Debugging most Linux programs usually involves checking log files, which can be a complicated process. When running in a container environment under Docker, you will need to use more specific tools for debugging applications in production.
Where are records stored?
The simple answer is that Docker stores container records in the main storage location,
/var/lib/docker/. Each container has a record of their ID (the full ID, not the short ID that is usually displayed) and you can access it like this:
This where They are stored, but since they are in JSON format they are not easily readable and having to use the full container identifier is annoying. Docker provides a built-in command to watch them:
docker logs -f e4bd48ef3103
-f The flag will keep the prompt open and “follow” any new entries in the file. You can also
--tail file or use
--timestamps To display the log time, or use
--since To filter based on time.
If you are using Docker Compose, you can use the log command from that to view all logs easily:
However, one thing you’ll notice is that this is STDOUT and STDERR, which is useful for many things, but only shows you the console output of the entry point defined by “CMD” in the Docker file. Many applications have their own custom logging systems, which often record files such as
/var/log/nginx/access.log. Such records are still accessible on the host side via Docker.
View logs from applications inside containers
Depending on the container, this may not be necessary. For example, the default NGINX container is set up to send Docker logs to STDOUT to make log verification easier. It does this with a symbolic link from
/dev/stdout to the log file, and you can set up something similar for your containers.
RUN ln -sf /dev/stdout /var/log/nginx/access.log && ln -sf /dev/stderr /var/log/nginx/error.log
But, if you want to drag certain files inside a container, you can do that. Docker provides a file
exec -it Command to allow you to run any command within any running Docker process. With this you can create a log file inside a Docker container:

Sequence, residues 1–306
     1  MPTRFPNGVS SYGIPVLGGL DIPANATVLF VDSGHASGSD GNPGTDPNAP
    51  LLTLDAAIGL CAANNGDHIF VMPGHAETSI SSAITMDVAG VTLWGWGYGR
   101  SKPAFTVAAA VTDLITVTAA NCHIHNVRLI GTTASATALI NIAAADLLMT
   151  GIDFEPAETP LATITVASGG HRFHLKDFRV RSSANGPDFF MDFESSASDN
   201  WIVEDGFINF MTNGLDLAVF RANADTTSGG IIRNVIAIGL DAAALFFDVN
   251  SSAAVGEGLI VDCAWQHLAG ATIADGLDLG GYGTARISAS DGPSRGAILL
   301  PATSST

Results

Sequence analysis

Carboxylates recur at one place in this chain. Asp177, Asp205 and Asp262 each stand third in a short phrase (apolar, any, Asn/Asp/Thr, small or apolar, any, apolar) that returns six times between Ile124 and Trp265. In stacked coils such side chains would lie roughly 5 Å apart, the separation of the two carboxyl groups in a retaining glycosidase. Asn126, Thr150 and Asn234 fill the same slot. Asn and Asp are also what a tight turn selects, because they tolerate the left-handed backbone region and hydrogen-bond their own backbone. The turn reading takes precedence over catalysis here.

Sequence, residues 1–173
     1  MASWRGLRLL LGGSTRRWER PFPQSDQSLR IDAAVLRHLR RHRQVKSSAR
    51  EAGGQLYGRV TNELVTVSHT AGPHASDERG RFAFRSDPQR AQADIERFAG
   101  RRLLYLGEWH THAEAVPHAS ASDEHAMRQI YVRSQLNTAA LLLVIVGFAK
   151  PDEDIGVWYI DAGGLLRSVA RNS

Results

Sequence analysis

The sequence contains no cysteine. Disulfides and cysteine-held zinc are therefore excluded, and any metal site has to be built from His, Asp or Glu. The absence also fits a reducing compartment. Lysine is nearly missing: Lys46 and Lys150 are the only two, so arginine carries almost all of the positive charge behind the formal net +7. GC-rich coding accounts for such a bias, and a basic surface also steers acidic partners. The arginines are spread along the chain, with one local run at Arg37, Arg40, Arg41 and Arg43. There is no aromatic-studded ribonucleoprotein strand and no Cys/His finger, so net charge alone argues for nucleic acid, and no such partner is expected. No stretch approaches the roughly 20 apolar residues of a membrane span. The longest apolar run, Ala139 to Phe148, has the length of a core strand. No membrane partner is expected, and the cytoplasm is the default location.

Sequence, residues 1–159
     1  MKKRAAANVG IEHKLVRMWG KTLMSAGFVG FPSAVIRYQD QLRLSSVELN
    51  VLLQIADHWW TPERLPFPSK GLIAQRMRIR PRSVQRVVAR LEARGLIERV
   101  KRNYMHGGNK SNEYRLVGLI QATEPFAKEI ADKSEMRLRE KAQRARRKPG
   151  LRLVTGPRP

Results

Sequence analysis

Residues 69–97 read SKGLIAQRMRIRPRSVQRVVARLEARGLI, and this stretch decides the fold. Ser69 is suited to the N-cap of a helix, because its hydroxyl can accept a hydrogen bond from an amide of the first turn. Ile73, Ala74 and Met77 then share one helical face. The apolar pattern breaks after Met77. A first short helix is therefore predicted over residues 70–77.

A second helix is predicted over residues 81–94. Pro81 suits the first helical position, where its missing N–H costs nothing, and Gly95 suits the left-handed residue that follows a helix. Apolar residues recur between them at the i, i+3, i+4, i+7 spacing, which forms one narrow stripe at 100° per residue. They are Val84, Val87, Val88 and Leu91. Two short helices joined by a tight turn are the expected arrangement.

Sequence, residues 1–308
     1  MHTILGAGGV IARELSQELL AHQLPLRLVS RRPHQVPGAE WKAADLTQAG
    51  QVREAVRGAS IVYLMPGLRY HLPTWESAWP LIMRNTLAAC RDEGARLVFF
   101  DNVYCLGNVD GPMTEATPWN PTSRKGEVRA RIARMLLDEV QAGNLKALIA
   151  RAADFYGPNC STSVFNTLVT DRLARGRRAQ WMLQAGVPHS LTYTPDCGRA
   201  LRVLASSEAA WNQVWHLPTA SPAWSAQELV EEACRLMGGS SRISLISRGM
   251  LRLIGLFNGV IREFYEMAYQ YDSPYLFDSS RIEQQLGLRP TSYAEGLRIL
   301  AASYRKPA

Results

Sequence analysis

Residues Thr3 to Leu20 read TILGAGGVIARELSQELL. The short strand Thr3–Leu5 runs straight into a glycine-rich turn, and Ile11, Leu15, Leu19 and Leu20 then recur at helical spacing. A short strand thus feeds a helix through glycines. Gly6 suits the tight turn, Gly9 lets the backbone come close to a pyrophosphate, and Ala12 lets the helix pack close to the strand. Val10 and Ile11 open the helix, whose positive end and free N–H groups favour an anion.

docker exec -it e4bd48ef3103 tail -f log.txt
Because this allows you to run any command, you can use
journalctl Or any other debugging strategies you want, as long as you start with them
docker exec -it. You can even run
/bin/bash If you want to jump and enter.
A permanent solution that plays better with host services is to use a Docker volume. You can link a directory like
/var/log/nginx to a volume visible from the host. First, create a new volume:
docker volume create nginx-logs
and run the container with
docker run -d --name devtest --mount source=nginx-logs,target=/var/log/nginx nginx:latest
If you are using Docker Compose, the process can be automated:
version: "3.0" services: web: image: nginx:latest ports: - "80:80" volumes: - nginx-logs:/var/log/nginx/ volumes: nginx-logs:
This way, the log files will be directly ingestible by any log collection services on the host machine.
View Docker Daemon logs
If you instead want to display the logs for the global Docker service on your server, and not any particular container application, you will need to display
sudo journalctl -fu docker.service
This is where it is stored on most systems, but it’s in a different location on some:
- Amazon Linux:
/var/log/messages | grep docker